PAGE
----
This is how the university is handling the pandemic at this time
The main rule means that the university's staff is making efforts to minimise the number of educational programme components held on campus. When the university deems it necessary, we still conduct written examinations on campus in order to maintain fairness and legal certainty. We have continuous contact with other universities and this is how the majority are working during the pandemic.
“It is equally important in all our educational programmes that we ensure that our students have the knowledge needed to be able to work in their chosen professions after graduation. Some knowledge requires that a written examination be held on campus. However, during the course of this year, we have become better and better at using digital tools and adjusting our examination forms to become more distance-based while simultaneously maintaining fairness and legal certainty,” said Mats Tinnsten, Vice-Chancellor.
In the case of written examinations that are on campus, the rules are clear as to how they are to be carried out in order to reduce the risk of the spread of infection. These rules have worked thus far as no infection has broken out that can be linked to such a written examination. However, these exams have caused concern among some students.
“We understand that some students are worried. The rules require everyone to take personal responsibility, even if we do have staff who help out. For example, no one may come to an on-campus written examination while experiencing illness symptoms and everyone must practice social distancing,” he explained.
The same applies to certain laboratory work and skills training components in the nursing and police educational programmes, such as cardiopulmonary resuscitation and VFU/student placements/internships. These cannot be done remotely.
“All these steps are carried out with very careful precautionary measures that we have developed together with Smittskydd Västra Götaland. In addition, we have a close dialogue with heads of the relevant organisations, such as schools and hospitals, where our teacher and nursing students are to complete their VFU/student placements/internships. If the organisations’ heads judge that it is not possible to implement these VFU/student placements/internships, we will redirect the students to other places to the extent possible.”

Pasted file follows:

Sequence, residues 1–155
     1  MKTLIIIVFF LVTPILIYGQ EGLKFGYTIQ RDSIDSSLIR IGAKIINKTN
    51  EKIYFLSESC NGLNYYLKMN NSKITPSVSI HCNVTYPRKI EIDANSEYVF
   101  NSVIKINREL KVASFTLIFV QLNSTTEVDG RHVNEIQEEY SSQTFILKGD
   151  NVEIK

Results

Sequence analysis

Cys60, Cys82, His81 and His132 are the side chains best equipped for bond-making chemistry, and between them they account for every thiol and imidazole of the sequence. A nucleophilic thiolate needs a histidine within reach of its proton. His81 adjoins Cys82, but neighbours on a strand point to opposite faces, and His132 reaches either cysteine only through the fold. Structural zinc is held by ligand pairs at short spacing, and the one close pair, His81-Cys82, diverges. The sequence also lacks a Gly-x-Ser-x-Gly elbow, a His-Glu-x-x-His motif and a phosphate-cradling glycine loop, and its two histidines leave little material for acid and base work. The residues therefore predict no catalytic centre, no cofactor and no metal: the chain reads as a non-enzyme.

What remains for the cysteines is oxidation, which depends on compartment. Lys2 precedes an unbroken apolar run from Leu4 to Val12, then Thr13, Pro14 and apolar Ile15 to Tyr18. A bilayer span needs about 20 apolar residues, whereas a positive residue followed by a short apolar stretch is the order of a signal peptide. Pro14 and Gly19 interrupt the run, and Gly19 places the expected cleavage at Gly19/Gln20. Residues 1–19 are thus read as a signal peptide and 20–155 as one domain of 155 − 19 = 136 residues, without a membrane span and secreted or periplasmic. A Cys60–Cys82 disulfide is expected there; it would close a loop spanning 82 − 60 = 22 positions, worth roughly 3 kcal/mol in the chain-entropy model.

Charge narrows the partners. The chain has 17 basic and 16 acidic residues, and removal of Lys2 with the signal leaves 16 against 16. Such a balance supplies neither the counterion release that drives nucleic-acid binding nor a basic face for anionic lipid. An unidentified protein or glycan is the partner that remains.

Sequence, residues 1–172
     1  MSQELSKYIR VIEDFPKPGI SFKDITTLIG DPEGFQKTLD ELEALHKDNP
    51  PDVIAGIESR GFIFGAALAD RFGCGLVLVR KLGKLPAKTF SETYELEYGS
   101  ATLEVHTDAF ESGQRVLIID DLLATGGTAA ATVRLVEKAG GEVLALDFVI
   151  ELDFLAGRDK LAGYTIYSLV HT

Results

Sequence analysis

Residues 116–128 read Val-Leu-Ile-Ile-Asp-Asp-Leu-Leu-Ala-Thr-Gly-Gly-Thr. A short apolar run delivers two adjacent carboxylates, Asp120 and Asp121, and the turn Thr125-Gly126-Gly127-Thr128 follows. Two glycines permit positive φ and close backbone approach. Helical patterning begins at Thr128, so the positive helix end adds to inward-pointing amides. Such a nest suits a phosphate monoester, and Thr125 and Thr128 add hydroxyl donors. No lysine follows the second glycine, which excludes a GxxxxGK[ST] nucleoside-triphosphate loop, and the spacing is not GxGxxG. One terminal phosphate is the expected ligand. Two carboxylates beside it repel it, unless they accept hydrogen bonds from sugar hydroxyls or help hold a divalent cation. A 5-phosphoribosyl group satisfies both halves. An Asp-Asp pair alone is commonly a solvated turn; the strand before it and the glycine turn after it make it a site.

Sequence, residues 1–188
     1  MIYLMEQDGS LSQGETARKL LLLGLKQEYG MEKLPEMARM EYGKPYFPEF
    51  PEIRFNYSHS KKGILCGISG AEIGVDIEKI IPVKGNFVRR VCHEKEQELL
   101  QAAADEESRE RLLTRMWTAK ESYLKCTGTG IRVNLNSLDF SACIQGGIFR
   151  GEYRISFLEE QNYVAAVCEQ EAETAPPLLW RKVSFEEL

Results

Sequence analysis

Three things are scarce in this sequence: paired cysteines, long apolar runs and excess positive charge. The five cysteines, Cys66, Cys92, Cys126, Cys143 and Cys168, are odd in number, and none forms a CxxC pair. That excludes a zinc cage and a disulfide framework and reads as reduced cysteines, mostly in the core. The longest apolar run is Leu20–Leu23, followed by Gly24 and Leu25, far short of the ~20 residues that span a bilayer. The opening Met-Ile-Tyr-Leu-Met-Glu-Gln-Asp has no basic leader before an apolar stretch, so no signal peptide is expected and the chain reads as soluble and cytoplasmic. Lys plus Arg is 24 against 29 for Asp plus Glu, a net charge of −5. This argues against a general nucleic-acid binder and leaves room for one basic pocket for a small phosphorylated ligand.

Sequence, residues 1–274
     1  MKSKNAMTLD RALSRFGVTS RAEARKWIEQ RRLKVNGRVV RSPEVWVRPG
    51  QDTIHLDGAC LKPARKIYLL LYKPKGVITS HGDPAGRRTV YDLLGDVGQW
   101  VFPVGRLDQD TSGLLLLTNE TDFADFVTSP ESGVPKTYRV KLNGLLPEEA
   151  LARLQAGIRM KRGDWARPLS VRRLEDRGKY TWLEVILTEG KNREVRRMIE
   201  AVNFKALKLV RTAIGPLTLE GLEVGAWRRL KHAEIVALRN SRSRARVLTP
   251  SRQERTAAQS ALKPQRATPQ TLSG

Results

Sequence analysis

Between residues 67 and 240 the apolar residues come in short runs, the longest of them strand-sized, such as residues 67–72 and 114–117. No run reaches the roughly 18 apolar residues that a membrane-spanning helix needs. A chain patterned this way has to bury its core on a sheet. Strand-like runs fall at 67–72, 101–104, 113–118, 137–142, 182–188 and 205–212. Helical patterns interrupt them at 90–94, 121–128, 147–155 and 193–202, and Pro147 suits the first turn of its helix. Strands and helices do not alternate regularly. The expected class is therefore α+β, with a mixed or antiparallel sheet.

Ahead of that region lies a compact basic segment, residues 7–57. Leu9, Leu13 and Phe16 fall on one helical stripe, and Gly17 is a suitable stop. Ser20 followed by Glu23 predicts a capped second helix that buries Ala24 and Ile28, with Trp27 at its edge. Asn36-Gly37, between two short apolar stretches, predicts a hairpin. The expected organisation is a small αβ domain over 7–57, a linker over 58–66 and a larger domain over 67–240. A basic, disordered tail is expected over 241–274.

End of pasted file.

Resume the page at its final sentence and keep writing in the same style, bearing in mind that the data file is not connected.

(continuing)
“Cancelling VFU/student placements/internships for large groups of students can have complex consequences and risks extending the lengths of students’ educations. VFU/student placements/internships also cannot be replaced with other components. The students must practice their theoretical knowledge at, for example, a school or a healthcare centre.”
The university has a project group which works with the university activities that are affected by the pandemic. This can mean everything from information within the university's premises to how the guidelines from the government and the Public Health Agency of Sweden are to be interpreted and implemented at the university.
“We have truly increased our competencies during this year. We have also worked together and helped each other a great deal. There is a lot we have learned that will be relevant even when the pandemic is over. One thing I have learned, and which I think we should take with us going forward, is that we do not have to travel to participate in a meeting or give a lecture; rather, we can help to save our planet by connecting more digitally,” he said.